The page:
Ahead of his first debate with Democrat Andrew Gillum Sunday, GOP governor nominee Ron DeSantis had some strong words — for CNN.
DeSantis’ campaign went off on the network for releasing a “misleading” poll hours before the 8 p.m. event showing Gillum up 12 points in the race for governor. The poll, conducted by SSRS, showed Gillum with 54 percent support to DeSantis’ 42 percent, with a margin of error of 4.2 percent. It also had U.S. Senator Bill Nelson leading Gov. Rick Scott by a 50 to 45 margin.
Both results are outliers in what otherwise have been shown as tight races.
A Real Clear Politics average of polls in the U.S. Senate race has Nelson ahead by 1.3 points. In the race for governor, Gillum has been consistently ahead in public polling. Yet polls over the last three weeks have shown Gillum ahead by only one or two points, and DeSantis’ campaign said Sunday that their own internal polling has the Republican up two.
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DeSantis’ campaign released its internal numbers along with a lengthy statement Sunday ripping CNN for releasing what it called “a questionable and misleading poll attempting to portray DeSantis as trailing Gillum by double digits.” Spokesman Stephen Lawson alleged that CNN hoped to give Gillum an advantage.
“Simply put, this CNN survey is not worth the paper it is written on because the sample and weights do not reflect a Florida election,” said Lawson. “That CNN takes this poll seriously enough to blast it out to their viewers right before a debate on their network is why so many Americans believe that CNN peddles fake news.”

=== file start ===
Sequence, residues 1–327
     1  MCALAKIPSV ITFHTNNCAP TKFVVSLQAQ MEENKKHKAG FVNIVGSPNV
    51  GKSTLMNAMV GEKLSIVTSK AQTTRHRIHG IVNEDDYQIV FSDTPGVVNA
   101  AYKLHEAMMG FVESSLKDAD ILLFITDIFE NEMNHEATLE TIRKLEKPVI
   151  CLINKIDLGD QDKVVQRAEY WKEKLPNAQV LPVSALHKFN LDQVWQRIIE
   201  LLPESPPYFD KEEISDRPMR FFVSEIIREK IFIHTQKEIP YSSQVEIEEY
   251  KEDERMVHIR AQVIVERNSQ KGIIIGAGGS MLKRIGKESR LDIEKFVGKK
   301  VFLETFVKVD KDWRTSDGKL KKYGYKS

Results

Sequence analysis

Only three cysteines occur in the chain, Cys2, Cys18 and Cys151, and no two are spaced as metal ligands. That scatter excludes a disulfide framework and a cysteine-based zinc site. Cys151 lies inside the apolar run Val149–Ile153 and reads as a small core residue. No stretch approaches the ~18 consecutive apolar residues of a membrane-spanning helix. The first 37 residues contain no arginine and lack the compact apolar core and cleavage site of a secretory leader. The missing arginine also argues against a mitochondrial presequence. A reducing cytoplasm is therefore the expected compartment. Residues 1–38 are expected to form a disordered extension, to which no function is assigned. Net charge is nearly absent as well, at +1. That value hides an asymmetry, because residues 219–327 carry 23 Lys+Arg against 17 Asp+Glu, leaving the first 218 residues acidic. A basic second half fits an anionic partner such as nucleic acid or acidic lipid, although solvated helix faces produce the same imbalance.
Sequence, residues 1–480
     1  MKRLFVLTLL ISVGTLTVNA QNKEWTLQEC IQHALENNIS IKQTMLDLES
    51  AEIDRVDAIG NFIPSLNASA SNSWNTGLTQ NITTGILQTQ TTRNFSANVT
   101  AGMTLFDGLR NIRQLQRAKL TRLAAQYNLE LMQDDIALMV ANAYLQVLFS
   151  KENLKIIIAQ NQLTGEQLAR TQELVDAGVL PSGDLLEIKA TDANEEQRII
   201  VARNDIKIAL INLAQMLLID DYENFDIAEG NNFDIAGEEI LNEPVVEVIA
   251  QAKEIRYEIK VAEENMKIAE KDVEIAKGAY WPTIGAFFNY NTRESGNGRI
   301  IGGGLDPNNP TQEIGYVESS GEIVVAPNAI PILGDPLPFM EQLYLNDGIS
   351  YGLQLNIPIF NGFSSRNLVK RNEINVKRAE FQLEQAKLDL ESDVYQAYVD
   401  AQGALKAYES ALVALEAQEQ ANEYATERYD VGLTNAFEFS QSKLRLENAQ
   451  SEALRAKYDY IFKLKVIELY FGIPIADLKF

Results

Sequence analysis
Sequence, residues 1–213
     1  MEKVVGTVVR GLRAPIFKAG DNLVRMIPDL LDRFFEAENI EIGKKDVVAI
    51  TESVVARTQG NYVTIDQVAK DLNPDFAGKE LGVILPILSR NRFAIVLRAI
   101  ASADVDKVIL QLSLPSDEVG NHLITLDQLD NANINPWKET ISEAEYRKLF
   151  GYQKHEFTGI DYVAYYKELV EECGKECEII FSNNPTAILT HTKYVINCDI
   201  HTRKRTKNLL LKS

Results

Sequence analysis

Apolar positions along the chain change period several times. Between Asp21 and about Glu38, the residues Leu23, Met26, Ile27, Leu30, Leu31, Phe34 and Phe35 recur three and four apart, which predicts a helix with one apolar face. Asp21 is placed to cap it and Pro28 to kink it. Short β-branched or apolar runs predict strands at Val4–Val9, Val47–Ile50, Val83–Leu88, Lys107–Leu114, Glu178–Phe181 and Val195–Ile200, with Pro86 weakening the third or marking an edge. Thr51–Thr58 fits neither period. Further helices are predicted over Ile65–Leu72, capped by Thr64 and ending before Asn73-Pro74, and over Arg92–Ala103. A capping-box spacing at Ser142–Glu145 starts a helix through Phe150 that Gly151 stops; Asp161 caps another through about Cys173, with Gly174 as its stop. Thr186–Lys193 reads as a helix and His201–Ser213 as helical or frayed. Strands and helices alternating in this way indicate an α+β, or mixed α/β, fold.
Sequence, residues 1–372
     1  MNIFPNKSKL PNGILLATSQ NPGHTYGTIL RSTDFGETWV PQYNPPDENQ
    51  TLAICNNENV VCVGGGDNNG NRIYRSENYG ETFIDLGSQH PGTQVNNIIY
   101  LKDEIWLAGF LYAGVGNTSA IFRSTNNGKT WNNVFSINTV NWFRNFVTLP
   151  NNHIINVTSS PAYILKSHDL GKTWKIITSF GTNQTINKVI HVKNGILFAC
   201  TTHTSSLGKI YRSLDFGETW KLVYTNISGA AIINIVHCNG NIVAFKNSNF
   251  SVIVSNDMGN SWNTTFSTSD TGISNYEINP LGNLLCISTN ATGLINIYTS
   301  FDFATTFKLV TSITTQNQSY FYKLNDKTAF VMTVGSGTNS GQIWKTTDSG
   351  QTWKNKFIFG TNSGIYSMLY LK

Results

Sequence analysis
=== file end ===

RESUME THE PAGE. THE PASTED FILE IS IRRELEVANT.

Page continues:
DeSantis’ campaign criticized the methodology of the poll, which was based off of answers from 1,012 adults who were asked how they identify their politics as opposed to their actual registration (a strategy used by some pollsters). The resulting breakdown was 32 percent Democrat, 29 percent Republican and 39 percent Independent – figures that are out-of-whack with historical midterm election turnouts for Florida.
“This poll is as amusing as it is suspicious in that it was released hours before a debate between the two candidates – clearly meant to give the advantage to Andrew Gillum,” Lawson said.
Later Sunday, SEA Polling, a firm that typically works for Democratic clients, released a different poll showing Gillum up 48 to 42 on DeSantis. The breakdown of that poll, based on likely voters and their actual registration, was 39 percent Democrat, 41 percent Republican and 20 percent “something else.”